“how much is enough?” in a market system – thereby addressing the unlimited fast-growth, consumptionoriented part of our culture. Third, as a spirit of collaboration becomes increasingly prevalent in the marketplace, it will become the standard of how we work and how we invest. So this becomes the radical (and more hopeful) question to me: As a species, what if we really are transitioning from a top-down, command-and-control, ego-based form of leadership to a less hierarchical, networked, collaborative form of leadership? “Peace is not merely a distant goal that we seek, but a means by which we arrive at that goal.” — Martin Luther King, Jr. All the best,

Don Shaffer, President & CEO

insights

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A Vibrant Economy of the Future
By John Bloom, director, organizational Culture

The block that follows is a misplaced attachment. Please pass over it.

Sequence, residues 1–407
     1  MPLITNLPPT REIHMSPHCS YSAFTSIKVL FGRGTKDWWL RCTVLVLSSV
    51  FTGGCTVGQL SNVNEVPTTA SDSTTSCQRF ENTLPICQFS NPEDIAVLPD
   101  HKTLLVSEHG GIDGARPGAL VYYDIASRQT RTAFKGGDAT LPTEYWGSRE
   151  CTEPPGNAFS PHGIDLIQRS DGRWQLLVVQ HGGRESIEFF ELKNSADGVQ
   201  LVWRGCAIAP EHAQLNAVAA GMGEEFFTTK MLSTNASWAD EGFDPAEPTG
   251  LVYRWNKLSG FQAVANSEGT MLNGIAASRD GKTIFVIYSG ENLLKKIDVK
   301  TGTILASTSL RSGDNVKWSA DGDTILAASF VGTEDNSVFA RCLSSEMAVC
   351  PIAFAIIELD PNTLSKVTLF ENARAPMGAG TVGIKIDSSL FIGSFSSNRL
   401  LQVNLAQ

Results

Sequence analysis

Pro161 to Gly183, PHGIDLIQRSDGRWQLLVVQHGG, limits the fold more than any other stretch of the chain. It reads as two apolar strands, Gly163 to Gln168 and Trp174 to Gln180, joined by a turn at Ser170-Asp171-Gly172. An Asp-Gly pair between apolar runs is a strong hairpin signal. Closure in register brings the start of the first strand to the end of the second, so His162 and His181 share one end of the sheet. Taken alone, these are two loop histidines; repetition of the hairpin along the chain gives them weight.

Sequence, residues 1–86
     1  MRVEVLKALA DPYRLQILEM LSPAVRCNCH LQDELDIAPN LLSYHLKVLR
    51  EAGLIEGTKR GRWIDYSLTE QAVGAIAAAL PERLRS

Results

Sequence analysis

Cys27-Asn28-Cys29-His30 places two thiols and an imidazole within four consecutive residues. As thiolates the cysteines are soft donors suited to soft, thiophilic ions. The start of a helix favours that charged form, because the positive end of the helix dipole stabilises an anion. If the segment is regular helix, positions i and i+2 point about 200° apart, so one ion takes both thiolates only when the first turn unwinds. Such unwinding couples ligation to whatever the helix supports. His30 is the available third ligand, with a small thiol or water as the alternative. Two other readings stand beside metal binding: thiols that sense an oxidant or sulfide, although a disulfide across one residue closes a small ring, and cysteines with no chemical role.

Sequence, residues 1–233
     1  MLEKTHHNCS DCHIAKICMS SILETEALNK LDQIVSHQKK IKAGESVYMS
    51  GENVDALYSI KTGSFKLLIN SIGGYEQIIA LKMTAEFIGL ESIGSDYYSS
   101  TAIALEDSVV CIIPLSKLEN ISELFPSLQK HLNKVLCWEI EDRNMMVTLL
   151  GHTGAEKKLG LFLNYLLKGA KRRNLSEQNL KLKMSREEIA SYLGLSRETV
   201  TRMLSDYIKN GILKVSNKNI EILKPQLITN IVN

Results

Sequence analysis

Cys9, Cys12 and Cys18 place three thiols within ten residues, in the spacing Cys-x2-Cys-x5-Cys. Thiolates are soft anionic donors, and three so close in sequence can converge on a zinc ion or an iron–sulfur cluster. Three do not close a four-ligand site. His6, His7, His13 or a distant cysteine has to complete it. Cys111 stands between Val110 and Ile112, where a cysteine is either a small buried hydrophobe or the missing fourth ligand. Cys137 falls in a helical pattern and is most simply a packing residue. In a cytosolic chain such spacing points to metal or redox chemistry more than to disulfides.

For 25 years, RSF has been developing ways of working with money that link the intentions of donors and investors with social enterprises that honor the value of intention as a vital part of the financial transaction. RSF has developed investing, lending and giving practices that elevate the intangible deeper social values as essential to meaningful social impact. Inspired by Rudolf Steiner’s insights into economic life, these financial vehicles incorporate the notion that money has different qualities when used for purchase, loan, or gift. Since RSF’s purpose is to transform the way the world works with money, its first step is to engage in open and direct dialogue with our clients, to understand their purposes, and to develop trust through transparency. This commitment to being direct, transparent, and personal is a key part of our practice no matter what the project. Part of our educational mission is changing our own and our clients’ understanding of and attitudes towards how we use the current financial system. To encourage the development of new means of exchange to augment conventional currency, RSF’s Transforming Money Network is host to the Fund for Complementary Currencies. This fund is committed to supporting demonstration projects as well as furthering research in this emerging field. One of these programs is BerkShares, a community currency, exchangeable for federal money, that has proven the leveraging value of local circulation. A second project is TimeBanks and its approach is radically different from BerkShares in that it operates entirely outside the money system. The currency is time. TimeBanks has developed a way to use time as a means of exchange for needs that do not typically show up on balance sheets, such as caring, companionship, and “a vibrant other kinds of services. A third project under economy of the consideration is a future requires business to business (B2B) exchange that we re-conceive platform based on debits and credits economic life, . . . “ that can serve local, regional, and world-wide economies. Based on a system called Global Exchange Trading System (GETS), it can be custom designed to meet many kinds of economic needs and circumstances. A vibrant economy of the future requires that we re-conceive economic life, our means of exchange, and our relationships in local and global communities. To foster this work, RSF and collaborating partner Praxis Peace Institute will host a summit, The Economics of Peace, in October 2009 in Sonoma, California. This public summit will bring together initiatives, organizations, and networks working on new ways to conduct economic life with the common aim of collaboration, sustainability, and peace. New approaches to investing, lending, and giving, along with innovations in complementary currencies and exchange systems, are all tools for the economy of the 21st Century—an economy that demands a diversity of means, compassion, creativity, and a central role for community self-determination. With RSF’s 25 years of social finance experience, this community has an important voice to contribute to our collective economic future.